French GIGN Raid Flight 8969 to Rescue Hostages

Historical footage recorded in December of 1994 shows members of the French GIGN conducting a daring raid against Flight 8969 to rescue 229 hostages that were being held captive by Algerian extremists who intended to detonate explosives inside of the plane either over the Eiffel Tower or the Tour Montparnasse.


The hijacking took place on December 24, 1994 in Algeria when four men dressed as Algerian presidential police boarded the flight armed with firearms and explosives. In Algeria, there was a standoff that lasted with the terrorists making several demands for the release of key people in their movement to establish an Islamic State in Algeria, but eventually the group would get the plane airborne and land at the Marseille Provence Airport in France.


Here, negotiations would begin anew, and eventually reach a breaking point when the terrorists opened fire on the control tower where negotiators were attempting to peacefully resolve the situation. This prompted the local GIGN force of 30 men to begin their raid on the aircraft.


During the raid, the GIGN force immediately encountered resistance in the form of small arms fire from the terrorists onboard who spotted them moving the stairs towards the door. Once in position, the GIGN team realized that the stairs they had used were too tall, and did not evenly line up with the plane's door, causing the GIGN unit some stress as they made entry.


The man you see hanging out of the side of the cockpit window is the aircraft's co-pilot, who made the decision to exit through the window when he found himself trapped in between GIGN forces and the terrorist in the cockpit. He did this to clear the line of fire and avoid being shot, which enabled GIGN snipers to begin engaging threats through the open cockpit.


In total, 9 GIGN operators were wounded in the assault, with one of them being seriously wounded. All four hijackers were killed. Three passengers were killed during the negotiations and another 13 passengers and 3 crew members were wounded during the twenty minute gunfight to reclaim the airplane.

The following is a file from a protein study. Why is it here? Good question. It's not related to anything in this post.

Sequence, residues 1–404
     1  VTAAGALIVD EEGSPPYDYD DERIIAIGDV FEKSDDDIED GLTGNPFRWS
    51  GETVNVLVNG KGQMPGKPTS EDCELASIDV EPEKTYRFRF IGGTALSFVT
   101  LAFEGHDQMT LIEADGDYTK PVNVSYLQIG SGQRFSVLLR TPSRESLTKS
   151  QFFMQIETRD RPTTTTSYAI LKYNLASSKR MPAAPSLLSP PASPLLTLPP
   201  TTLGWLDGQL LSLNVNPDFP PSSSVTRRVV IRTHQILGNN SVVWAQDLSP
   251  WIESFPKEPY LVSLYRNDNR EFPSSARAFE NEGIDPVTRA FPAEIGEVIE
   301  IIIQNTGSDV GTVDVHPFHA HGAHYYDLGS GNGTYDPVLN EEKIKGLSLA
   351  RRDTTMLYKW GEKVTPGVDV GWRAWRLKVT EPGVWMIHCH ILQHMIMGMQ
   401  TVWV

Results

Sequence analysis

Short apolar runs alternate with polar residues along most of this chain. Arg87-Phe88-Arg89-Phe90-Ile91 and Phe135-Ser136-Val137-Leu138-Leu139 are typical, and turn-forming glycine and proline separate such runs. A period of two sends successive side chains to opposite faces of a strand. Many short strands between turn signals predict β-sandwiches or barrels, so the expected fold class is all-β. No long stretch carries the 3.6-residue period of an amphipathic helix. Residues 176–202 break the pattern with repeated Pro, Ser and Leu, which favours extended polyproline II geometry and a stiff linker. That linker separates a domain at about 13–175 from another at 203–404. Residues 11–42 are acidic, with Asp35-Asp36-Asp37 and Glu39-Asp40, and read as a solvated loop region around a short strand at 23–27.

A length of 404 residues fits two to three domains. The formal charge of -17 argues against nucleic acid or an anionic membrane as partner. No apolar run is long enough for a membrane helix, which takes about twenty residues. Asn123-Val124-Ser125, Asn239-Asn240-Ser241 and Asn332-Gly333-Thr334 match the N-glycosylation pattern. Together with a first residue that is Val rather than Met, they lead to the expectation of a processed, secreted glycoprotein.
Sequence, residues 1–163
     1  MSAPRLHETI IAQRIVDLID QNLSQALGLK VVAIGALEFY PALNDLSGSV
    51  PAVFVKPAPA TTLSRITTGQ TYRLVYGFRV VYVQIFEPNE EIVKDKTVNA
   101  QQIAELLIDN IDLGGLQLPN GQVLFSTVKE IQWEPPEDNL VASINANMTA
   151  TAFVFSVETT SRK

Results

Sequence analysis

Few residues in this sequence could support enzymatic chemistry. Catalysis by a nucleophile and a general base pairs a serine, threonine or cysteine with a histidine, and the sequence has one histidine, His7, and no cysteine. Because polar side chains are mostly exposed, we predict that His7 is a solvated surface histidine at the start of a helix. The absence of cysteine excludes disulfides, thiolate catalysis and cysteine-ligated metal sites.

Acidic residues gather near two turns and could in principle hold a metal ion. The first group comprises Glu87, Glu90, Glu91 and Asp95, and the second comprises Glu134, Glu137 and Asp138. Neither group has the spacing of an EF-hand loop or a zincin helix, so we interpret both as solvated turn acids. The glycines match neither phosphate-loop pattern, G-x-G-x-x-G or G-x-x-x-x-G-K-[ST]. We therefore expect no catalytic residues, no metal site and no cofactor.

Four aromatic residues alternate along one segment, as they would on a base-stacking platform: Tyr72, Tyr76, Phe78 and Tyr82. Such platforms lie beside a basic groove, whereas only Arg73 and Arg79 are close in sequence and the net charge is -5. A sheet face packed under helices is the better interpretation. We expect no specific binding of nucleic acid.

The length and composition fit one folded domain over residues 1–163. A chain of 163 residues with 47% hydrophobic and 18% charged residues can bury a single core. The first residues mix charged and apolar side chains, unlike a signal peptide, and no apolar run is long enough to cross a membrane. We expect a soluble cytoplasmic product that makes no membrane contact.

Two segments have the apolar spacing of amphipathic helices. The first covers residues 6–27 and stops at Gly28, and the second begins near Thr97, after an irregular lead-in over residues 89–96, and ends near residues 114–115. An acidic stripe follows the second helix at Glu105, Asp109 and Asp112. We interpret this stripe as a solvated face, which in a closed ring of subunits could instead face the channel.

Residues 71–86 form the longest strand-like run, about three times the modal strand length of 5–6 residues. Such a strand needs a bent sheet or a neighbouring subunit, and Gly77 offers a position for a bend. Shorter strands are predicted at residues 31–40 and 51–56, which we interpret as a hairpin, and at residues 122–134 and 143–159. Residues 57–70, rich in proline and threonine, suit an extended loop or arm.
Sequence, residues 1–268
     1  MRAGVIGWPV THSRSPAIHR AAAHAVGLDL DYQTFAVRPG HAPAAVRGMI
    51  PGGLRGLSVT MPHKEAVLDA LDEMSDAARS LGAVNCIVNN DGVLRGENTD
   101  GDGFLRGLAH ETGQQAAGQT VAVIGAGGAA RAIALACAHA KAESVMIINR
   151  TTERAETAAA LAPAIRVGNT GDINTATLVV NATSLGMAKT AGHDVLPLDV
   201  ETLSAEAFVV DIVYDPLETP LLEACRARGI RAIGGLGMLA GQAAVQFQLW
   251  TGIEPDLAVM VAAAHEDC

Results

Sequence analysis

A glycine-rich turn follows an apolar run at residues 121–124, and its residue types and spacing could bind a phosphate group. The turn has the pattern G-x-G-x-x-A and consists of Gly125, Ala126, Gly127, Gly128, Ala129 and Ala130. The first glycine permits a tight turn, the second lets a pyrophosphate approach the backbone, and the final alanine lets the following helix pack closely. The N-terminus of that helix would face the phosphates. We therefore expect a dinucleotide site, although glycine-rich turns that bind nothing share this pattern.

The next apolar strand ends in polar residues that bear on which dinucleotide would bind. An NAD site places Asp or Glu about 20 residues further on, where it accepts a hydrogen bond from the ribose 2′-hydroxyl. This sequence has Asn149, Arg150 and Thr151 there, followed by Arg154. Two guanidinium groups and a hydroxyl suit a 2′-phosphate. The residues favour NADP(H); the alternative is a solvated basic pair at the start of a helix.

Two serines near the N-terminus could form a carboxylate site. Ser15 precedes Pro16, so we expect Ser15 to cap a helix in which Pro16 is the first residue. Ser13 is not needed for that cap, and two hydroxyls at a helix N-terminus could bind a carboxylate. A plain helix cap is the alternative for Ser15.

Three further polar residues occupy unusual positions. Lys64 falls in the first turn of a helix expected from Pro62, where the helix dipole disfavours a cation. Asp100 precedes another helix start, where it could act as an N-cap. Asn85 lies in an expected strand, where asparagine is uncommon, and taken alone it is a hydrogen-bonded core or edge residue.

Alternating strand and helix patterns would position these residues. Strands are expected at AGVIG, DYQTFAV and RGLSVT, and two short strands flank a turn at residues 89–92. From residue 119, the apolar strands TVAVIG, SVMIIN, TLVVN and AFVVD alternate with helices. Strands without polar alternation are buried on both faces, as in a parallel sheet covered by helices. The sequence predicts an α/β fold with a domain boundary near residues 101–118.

About the Author

Author's Photo

Josh Brooks

Josh is an American writer and former USMC machine gunner with eight years of experience in ground combat arms throughout the GWOT. He is currently based in Texas and specializes in combat footage analysis and digital marketing.Follow Josh at OfficialJoshBrooks.com

Published 2 months ago

Historical footage recorded in December of 1994 shows members of the French GIGN conducting a daring raid against Flight 8969 to rescue 229 hostages that were being held captive by Algerian extremists who intended to detonate explosives inside of the plane either over the Eiffel Tower or the Tour Montparnasse.


The hijacking took place on December 24, 1994 in Algeria when four men dressed as Algerian presidential police boarded the flight armed with firearms and explosives. In Algeria, there was a standoff that lasted with the terrorists making several demands for the release of key people in their movement to establish an Islamic State in Algeria, but eventually the group would get the plane airborne and land at the Marseille Provence Airport in France.


Here, negotiations would begin anew, and eventually reach a breaking point when the terrorists opened fire on the control tower where negotiators were attempting to peacefully resolve the situation. This prompted the local GIGN force of 30 men to begin their raid on the aircraft.


During the raid, the GIGN force immediately encountered resistance in the form of small arms fire from the terrorists onboard who spotted them moving the stairs towards the door. Once in position, the GIGN team realized that the stairs they had used were too tall, and did not evenly line up with the plane's door, causing the GIGN unit some stress as they made entry.


The man you see hanging out of the side of the cockpit window is the aircraft's co-pilot, who made the decision to exit through the window when he found himself trapped in between GIGN forces and the terrorist in the cockpit. He did this to clear the line of fire and avoid being shot, which enabled GIGN snipers to begin engaging threats through the open cockpit.


In total, 9 GIGN operators were wounded in the assault, with one of them being seriously wounded. All four hijackers were killed. Three passengers were killed during the negotiations and another 13 passengers and 3 crew members were wounded during the twenty minute gunfight to reclaim the airplane.


About the Author

Author's Photo

Josh Brooks

Josh is an American writer and former USMC machine gunner with eight years of experience in ground combat arms throughout the GWOT. He is currently based in Texas and specializes in combat footage analysis and digital marketing.Follow Josh at OfficialJoshBrooks.com

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